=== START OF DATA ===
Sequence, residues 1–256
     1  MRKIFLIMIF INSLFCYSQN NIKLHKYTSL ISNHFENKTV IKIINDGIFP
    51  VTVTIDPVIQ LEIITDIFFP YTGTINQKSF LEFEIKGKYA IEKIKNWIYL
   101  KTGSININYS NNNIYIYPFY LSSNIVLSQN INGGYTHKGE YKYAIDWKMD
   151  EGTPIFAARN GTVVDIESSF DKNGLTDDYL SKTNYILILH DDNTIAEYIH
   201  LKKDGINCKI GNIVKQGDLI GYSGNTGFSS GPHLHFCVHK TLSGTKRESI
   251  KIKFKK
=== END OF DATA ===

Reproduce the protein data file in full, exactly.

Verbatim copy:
Sequence, residues 1–256
     1  MRKIFLIMIF INSLFCYSQN NIKLHKYTSL ISNHFENKTV IKIINDGIFP
    51  VTVTIDPVIQ LEIITDIFFP YTGTINQKSF LEFEIKGKYA IEKIKNWIYL
   101  KTGSININYS NNNIYIYPFY LSSNIVLSQN INGGYTHKGE YKYAIDWKMD
   151  EGTPIFAARN GTVVDIESSF DKNGLTDDYL SKTNYILILH DDNTIAEYIH
   201  LKKDGINCKI GNIVKQGDLI GYSGNTGFSS GPHLHFCVHK TLSGTKRESI
   251  KIKFKK